What are the best and worst aspects of teaching English?
Three teachers were asked for their take on ELT.
Best: when students forget that they are practising English and simply, genuinely communicate; when a student who has always thought/been told they were rubbish at languages discovers they can do it after all.
Worst: the way the profession is still undervalued and the idea that if you are a native speaker, you can teach English, which is still all too prevalent; unrealistic expectations on the part of some students (and parents) in terms of price paid vs learning outcomes; and burnout and stagnation.
Best: the chance to make a positive tangible difference to learners’ lives as well as the chance to learn more about myself through interaction with a wide range of individuals from different cultures and learning backgrounds.
Worst: see best! Also – the tendency in some learners to expect the teacher to do all the work in their learning journey. In addition, dealing with the fallout of teaching a ‘colonial’ language can be extremely challenging at times.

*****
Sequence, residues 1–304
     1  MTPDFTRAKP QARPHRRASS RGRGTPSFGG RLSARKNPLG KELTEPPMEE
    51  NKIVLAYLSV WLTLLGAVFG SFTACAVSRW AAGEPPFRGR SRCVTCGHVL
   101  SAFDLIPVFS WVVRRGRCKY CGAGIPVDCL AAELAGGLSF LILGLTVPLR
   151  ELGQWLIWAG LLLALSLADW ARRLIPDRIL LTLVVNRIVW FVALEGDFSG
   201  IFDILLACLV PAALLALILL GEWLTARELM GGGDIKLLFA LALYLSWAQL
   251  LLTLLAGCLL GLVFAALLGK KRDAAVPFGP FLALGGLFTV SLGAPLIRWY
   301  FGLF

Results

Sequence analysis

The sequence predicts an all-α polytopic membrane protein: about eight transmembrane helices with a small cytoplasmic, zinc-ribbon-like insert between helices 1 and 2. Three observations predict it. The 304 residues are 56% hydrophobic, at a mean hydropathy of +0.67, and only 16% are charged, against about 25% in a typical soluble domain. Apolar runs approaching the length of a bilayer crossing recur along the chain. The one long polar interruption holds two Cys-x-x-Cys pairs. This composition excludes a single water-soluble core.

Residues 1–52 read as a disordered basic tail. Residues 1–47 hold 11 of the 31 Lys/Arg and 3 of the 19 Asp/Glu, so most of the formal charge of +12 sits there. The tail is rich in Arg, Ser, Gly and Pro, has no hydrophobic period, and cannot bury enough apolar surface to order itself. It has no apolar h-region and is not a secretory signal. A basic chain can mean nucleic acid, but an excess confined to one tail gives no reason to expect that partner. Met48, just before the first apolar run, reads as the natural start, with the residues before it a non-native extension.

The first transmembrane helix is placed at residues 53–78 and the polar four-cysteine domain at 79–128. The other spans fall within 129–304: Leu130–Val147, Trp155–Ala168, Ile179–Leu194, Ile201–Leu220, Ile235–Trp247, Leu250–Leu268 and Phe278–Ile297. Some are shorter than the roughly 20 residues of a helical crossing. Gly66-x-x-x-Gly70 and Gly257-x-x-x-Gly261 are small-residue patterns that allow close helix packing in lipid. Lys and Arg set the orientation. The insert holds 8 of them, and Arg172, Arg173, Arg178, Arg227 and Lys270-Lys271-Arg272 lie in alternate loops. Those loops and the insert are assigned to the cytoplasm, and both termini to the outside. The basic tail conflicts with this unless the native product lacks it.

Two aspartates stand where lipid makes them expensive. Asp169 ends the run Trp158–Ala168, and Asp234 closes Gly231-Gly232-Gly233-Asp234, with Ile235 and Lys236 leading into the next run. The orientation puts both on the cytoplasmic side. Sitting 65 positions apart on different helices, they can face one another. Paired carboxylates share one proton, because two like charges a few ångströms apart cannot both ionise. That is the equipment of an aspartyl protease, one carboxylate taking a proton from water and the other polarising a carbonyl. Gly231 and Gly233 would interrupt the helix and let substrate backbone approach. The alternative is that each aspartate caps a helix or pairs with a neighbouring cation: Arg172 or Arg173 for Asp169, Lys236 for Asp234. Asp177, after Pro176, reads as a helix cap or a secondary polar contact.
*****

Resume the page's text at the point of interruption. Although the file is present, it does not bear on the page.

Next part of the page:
Best: we have a broad range of modern methodologies to choose from; there is a huge amount of interesting literature on English teaching and language learning. Teaching English provides an opportunity to innovate in the classroom. This was also the case more recently when everything went online, and we had to innovate with technology.
Worst: situations where students have low levels of motivation, or the class sizes are not conducive to communication. I also feel that as the industry becomes more corporate, teachers have the least worth in the industry, and their pay is continually cut. This has certainly been the case since most English training has moved online, and the industry is more transnational these days. The worst thing about teaching English is probably the way employers treat you.